This is the first time I’ve seen a highway consumption number based on actual observation.
Thank you for your posting GT!

You can’t compare a retail generator, to an ICE, by markup.

Batteries need to come down to $100-$110 per kWh to match ICE powertrains.

Battery prices are steadily coming down.

In order to meet CAFE and European emission standards ICE powertrain’s cost is constantly inching upward.

My guess is they intersect in about 10 years.

No, they really don’t have to be that cheap.

Compare total cost of ownership not vehicle price.

BEVs are competitive now.

It’s a matter of how far out you define “now” and “future”. 5 years? 10 years? 20 years? The capabilities of 60kW Model S at $25k would mark the end of gasoline/hybrids. The question is, when does that happen?
I’m hopeful about battery tech, but the reality is its been a slow march in improvement and you can’t put a time table on innovation.

cant wait till gas becomes scarce!!!!

I think both comments have merit….

Bell is right about drivetrain electrification in some form or another being here to stay this time. The benefits are simply too compelling, as they were for locomotives and ships, which never looked backed after electrification. But he is also right that it will take a long time to evolve given the generally conservative car buying public, which are rightly suspicious of new technology until the successful track record emerges.

Unfortunately Miller also makes a valid point about hybrid dominance for some time, mainly because battery development is still short of providing a direct replacement in terms of range, refill time, and potentially durability. Even with the benefits of efficient electric drive, locomotive and ships generally rely on an ICE as the prime power source.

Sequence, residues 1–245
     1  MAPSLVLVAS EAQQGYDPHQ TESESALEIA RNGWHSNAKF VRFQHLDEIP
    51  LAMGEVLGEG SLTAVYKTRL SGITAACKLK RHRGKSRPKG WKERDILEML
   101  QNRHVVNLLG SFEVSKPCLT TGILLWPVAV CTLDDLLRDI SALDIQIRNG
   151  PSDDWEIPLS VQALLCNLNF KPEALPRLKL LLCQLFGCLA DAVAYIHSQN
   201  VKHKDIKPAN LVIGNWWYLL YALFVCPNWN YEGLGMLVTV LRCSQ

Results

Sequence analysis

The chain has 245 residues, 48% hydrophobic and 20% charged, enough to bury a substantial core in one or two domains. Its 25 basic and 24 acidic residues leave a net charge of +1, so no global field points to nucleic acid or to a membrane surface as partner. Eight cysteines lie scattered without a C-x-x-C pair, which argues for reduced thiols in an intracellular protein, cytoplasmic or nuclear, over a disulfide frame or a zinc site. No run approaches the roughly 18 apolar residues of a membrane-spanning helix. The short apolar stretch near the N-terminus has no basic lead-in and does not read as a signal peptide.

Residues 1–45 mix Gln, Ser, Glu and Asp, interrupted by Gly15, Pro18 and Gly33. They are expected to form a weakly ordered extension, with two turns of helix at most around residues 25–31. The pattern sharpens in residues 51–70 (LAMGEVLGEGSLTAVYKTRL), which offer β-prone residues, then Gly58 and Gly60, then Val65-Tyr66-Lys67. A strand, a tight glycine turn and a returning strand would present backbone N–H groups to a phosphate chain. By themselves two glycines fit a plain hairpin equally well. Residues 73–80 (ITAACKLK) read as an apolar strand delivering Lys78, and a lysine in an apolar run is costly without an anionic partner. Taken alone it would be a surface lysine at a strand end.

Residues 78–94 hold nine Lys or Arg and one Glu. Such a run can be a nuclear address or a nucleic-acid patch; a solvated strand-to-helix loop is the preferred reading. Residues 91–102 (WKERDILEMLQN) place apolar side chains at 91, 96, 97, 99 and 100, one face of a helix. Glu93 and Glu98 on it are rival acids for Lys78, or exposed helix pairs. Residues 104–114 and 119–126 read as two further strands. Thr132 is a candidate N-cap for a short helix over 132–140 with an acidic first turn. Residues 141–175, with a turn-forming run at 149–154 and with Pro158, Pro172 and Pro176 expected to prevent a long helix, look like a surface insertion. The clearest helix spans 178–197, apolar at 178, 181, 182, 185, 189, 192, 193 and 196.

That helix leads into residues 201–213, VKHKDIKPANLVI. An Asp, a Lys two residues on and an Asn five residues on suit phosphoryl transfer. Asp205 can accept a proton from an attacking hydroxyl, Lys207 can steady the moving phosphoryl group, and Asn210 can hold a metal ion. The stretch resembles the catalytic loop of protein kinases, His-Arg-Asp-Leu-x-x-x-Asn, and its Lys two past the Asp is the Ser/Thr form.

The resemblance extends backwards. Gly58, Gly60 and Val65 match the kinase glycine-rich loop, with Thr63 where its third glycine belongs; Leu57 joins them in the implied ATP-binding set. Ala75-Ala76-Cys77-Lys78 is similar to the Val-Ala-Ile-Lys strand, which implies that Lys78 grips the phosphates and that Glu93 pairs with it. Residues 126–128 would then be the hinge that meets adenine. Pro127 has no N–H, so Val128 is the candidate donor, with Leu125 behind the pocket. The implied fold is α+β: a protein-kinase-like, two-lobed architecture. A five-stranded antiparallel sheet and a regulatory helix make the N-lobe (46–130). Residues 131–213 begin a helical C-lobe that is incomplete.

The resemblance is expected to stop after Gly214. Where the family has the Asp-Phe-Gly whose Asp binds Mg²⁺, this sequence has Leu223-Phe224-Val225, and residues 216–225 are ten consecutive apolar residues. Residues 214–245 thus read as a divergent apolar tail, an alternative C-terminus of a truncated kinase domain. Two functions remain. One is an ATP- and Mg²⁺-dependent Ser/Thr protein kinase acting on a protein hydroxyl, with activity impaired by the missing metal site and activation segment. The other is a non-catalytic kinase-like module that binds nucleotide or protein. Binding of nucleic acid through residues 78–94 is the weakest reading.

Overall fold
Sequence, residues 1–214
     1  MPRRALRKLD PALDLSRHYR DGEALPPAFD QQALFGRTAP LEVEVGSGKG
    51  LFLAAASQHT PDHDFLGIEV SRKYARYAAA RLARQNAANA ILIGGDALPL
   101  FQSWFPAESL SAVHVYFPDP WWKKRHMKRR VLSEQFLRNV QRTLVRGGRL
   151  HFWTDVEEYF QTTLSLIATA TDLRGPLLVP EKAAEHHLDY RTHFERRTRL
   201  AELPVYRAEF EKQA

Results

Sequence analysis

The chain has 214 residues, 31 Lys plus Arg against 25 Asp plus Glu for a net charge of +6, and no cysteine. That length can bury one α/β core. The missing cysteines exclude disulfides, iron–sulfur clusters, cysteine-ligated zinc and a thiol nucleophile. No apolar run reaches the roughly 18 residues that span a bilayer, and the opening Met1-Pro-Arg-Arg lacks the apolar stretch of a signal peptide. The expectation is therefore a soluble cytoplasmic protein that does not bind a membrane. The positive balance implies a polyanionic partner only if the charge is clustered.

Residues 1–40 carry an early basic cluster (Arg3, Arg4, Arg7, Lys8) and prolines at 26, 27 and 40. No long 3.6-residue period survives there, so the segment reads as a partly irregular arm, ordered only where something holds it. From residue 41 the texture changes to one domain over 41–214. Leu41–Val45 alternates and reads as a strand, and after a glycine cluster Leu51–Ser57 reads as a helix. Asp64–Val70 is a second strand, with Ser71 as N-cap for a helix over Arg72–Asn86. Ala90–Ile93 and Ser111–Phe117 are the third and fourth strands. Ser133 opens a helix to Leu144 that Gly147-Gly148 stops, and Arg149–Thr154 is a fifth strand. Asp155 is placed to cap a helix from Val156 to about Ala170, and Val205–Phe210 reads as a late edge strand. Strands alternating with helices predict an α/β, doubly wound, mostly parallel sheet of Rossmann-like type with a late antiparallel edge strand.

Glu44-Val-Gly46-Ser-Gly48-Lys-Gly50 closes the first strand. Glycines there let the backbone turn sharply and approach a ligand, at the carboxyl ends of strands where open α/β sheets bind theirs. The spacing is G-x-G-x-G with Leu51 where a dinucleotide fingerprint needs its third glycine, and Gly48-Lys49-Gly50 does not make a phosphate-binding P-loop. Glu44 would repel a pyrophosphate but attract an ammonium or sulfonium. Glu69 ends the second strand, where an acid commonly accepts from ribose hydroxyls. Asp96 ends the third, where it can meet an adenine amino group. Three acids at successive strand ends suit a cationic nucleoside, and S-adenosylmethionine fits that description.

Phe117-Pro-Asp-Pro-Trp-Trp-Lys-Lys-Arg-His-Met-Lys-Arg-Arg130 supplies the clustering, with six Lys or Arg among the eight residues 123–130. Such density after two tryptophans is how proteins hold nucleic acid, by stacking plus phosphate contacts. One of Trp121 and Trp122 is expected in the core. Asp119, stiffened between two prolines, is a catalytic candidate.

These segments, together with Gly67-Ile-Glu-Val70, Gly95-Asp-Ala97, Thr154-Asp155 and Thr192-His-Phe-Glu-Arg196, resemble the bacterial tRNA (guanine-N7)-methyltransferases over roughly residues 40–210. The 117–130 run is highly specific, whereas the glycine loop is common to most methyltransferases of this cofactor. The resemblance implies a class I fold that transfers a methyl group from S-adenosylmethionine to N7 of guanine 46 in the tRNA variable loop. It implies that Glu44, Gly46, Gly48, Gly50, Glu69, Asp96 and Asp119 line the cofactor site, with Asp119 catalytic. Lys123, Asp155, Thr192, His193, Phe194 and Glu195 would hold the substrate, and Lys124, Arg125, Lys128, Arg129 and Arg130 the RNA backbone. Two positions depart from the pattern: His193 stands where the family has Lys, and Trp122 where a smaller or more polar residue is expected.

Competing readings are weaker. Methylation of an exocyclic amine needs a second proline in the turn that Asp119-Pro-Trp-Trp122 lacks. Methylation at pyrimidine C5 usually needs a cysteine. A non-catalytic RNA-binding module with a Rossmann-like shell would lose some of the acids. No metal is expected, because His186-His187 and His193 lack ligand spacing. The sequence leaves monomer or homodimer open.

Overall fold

Hybrids and plug-in hybrids will dominate for a long time, especially for the mainstream. But the good news is that BEVs are out of the closet, here to stay, and will grow market share over time, especially where the applications make most sense (urban, delivery, ….). That’s a pretty good outcome in a post EV-1 world!

*bevs will do okay as long as gas is still around

I’d like to see more hybrid designs due to their efficiency, particularly the part about not idling.

I would highly approve of a Federal law that would require every vehicle manufactured/imported on or after a certain date to have start/stop tech, we’d save $billion$ per year, as a nation, in personal business and gov’t savings.

Hybrids would be much better because they can operate at low speeds with the ICE off, creeping through heavy traffic and cruising down residential and inner-city streets, where start/stop tech only works when the vehicle is stationary.

Regardless, my next car will be a Tesla.

I wrote regulations for a living, and one of the main things I learned is that policy makers should set the goal, not pick the technology. I think the Feds are doing it the right way by setting efficiency goals (X mpg by Y date) rather thank saying you must use this or that technology. Governments do not do well went they try to pick a winning technology. If stop/start technology makes sense as part of the solution to meet the goal, manufacturers will use it. If some other technology is better (or is developed) manufacturers should be free to choose it rather than be tied to a specific technology.

And if I made as many spelling errors in my job as I just did in that comment, I would have been fired.

At least in your job, you had an edit button 😉

There is one thing I’m sure of. Every car I buy for the rest of my life will be a plug-in. After having both solar PV and a plug-in car for whole year, I’m quite sure that plug-in cars are the best way forward.